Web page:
Written by James Mitchell
Directed by Peter Sasdy
Hunter is interested in a Polish physicist named Andrei Brezhevski (Andy Devine). The Russians have developed a hundred megaton bomb, which according to Hunter would destroy every living thing in the UK. But although they have the rocket they don’t have the fuel – by the end of the year though, thanks to Brezhevski, they will have.
Hunter wants Brezhevski lifted, so that he can give the fuel formula to the West (thus negating the Russian advantage). And even though he’s closely guarded, Hunter has a lever that will force him into the open – his wife.
During WW2, Brezhevski’s wife Sofia (Pauline Jameson) was interned at Dachau. After the war was over, she was in a highly disturbed state and was slowly nursed back to health by Dr Charles Rule (Laurence Hardy). Believing her husband to have died during the war, Sofia married Rule and they’ve lived together contentedly ever since. Callan forces Sofia to write a letter to Brezhevski which will compel him to make the trip to England.
We’ve already seen how the act of killing has scarred Callan, but in this story the tragedy isn’t just a death – it’s the possibility of what will happen to Sofia after Brezhevski has come to England. The following exchange between Callan and Hunter makes the situation quite clear.
CALLAN: I should think when all this is all over she’ll finish up in a mental home
HUNTER: That bothers you?
CALLAN: That really bothers me
HUNTER: Try thinking about that hundred megaton bomb. That should bother you even more
Hunter views Sofia as little more than a pawn to be sacrificed – he’s thinking about what would happen if the Russians detonated their bomb. Callan understands this, but he clearly loathes the job he has to do. Later on, when the two of them are waiting at the airstrip for Brezhevski’s arrival, he does unbend a little.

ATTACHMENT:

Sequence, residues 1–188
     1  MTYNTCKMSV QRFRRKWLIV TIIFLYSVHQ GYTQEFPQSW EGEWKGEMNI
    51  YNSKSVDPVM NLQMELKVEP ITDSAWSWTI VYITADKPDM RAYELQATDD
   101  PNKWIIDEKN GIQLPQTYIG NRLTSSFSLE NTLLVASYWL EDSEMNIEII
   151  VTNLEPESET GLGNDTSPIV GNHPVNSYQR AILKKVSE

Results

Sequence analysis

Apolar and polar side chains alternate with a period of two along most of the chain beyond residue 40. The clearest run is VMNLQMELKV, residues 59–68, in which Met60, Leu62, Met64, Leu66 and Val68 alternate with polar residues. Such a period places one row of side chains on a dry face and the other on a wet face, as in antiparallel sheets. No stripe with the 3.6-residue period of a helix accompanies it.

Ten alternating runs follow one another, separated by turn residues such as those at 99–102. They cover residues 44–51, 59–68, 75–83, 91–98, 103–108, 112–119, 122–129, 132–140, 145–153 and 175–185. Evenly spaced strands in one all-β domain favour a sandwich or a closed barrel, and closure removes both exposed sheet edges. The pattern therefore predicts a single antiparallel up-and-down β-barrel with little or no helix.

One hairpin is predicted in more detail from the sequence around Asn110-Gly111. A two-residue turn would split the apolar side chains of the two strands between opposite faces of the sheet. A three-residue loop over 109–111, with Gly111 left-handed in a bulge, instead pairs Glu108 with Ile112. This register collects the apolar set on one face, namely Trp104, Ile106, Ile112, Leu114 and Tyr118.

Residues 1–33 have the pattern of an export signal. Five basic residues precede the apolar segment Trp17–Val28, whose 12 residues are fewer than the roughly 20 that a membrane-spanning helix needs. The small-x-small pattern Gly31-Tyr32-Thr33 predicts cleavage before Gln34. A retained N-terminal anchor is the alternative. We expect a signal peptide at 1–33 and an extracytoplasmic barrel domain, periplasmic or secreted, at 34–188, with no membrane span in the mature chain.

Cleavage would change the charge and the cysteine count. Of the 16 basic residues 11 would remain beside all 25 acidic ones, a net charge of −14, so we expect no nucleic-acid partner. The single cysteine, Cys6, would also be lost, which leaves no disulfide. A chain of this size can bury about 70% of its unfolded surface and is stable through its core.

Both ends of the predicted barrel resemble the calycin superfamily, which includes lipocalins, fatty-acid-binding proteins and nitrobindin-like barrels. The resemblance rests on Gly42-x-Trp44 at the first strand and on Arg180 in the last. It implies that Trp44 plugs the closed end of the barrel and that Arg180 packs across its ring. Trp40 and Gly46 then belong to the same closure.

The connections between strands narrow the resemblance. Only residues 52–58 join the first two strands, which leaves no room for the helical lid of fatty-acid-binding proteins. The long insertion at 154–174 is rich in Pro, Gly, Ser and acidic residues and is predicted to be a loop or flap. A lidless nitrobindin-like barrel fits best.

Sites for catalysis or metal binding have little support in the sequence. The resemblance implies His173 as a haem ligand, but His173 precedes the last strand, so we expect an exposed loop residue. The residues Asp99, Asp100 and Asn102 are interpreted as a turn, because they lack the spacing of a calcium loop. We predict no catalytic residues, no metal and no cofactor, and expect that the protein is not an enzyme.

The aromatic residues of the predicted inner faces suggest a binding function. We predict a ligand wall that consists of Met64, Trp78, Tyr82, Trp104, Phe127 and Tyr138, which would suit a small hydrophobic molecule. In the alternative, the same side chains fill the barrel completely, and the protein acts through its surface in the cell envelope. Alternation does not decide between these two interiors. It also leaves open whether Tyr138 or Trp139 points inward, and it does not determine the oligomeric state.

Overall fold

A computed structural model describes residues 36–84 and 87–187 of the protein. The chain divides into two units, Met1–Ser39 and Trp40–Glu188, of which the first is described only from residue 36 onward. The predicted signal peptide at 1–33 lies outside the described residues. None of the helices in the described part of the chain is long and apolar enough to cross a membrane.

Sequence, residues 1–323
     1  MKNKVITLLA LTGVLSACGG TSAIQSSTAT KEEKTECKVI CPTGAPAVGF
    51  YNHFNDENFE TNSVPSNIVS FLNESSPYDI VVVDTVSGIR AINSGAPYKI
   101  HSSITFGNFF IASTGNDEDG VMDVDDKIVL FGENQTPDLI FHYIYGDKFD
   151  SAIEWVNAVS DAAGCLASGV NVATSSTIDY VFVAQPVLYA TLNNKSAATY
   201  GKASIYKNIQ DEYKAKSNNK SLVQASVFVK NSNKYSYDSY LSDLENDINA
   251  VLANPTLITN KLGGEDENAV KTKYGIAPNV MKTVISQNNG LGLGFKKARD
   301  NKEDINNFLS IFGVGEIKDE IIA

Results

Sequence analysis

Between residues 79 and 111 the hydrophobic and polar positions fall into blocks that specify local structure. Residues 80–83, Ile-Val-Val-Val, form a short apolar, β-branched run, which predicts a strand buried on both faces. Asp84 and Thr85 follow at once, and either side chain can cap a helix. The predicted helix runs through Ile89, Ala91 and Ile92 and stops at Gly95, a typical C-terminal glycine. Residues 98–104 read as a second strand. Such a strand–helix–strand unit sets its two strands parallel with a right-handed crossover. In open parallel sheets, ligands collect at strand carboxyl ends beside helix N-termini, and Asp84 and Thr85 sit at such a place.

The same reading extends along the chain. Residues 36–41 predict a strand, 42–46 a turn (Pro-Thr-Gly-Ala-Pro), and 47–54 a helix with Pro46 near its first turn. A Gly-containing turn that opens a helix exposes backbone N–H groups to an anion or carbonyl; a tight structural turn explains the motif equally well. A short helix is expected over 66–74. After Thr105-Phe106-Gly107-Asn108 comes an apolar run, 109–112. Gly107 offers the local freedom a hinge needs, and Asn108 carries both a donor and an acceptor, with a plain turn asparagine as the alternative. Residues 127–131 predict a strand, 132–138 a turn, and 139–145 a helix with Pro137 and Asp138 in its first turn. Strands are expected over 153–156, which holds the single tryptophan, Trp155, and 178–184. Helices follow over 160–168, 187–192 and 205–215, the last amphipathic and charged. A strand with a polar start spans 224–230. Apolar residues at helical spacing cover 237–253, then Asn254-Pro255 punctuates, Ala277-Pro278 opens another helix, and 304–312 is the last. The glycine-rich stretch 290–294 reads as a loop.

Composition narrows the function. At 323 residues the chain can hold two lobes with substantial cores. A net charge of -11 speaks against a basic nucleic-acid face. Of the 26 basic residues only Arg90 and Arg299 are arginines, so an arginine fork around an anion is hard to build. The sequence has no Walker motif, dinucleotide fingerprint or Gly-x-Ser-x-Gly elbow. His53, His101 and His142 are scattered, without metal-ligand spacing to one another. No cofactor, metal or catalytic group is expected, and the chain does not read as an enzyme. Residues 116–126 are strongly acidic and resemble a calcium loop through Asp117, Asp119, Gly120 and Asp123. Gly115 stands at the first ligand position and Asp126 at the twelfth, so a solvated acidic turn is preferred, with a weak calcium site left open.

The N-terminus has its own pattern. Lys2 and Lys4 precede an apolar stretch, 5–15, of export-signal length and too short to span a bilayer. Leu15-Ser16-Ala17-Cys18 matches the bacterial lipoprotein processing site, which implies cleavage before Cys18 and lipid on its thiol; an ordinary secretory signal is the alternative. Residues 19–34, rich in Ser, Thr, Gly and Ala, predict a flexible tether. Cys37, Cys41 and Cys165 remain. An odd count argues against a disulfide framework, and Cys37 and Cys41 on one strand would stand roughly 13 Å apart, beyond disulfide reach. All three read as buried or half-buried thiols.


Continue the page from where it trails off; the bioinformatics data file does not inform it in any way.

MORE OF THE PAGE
CALLAN: Did you know what Brezhevski’s doing?
SOFIA: I knew only that he was famous
CALLAN: Well he’s developing a fuel for a rocket that carries a nuclear warhead
SOFIA: And you want it?
CALLAN: Yeah, we want it
SOFIA: So that you can drop nuclear warheads on them? Your argument does not interest me, I’ve seen too many people die. One day I think it will not interest you either
In many ways, Brezhevski and the rocket fuel are only MacGuffins as the story is more about the question of whether it’s right to sacrifice the innocent (in this case Sofia) for the greater good. Hunter unshakably thinks so and Callan seems to as well – but he doesn’t have to like it. At the end, Sofia is still alive (although Brezhevski is less fortunate) but the memories of the last few days will remain with her forever and it’s left to the viewer to decide for themselves whether the cost was worth it.
Apart from the odd loophole (if Brezhevski’s been desperate to locate his wife for the last twenty years, can we really believe that the Russians haven’t been able to find her?) this is another tight, well written script by James Mitchell. Vladek Sheybal gives his usual, idiosyncratic performance as Dicer, a Polish refugee with a burning hatred of the Eastern Bloc. David Garfield is a little hammy as a Russian agent, but he’s really the only weak link in the story.
Pauline Jameson is outstanding as a woman forced to confront the ghosts of her past and it’s her performance (along with the usual high-quality acting from the regulars) that makes this episode such a memorable one.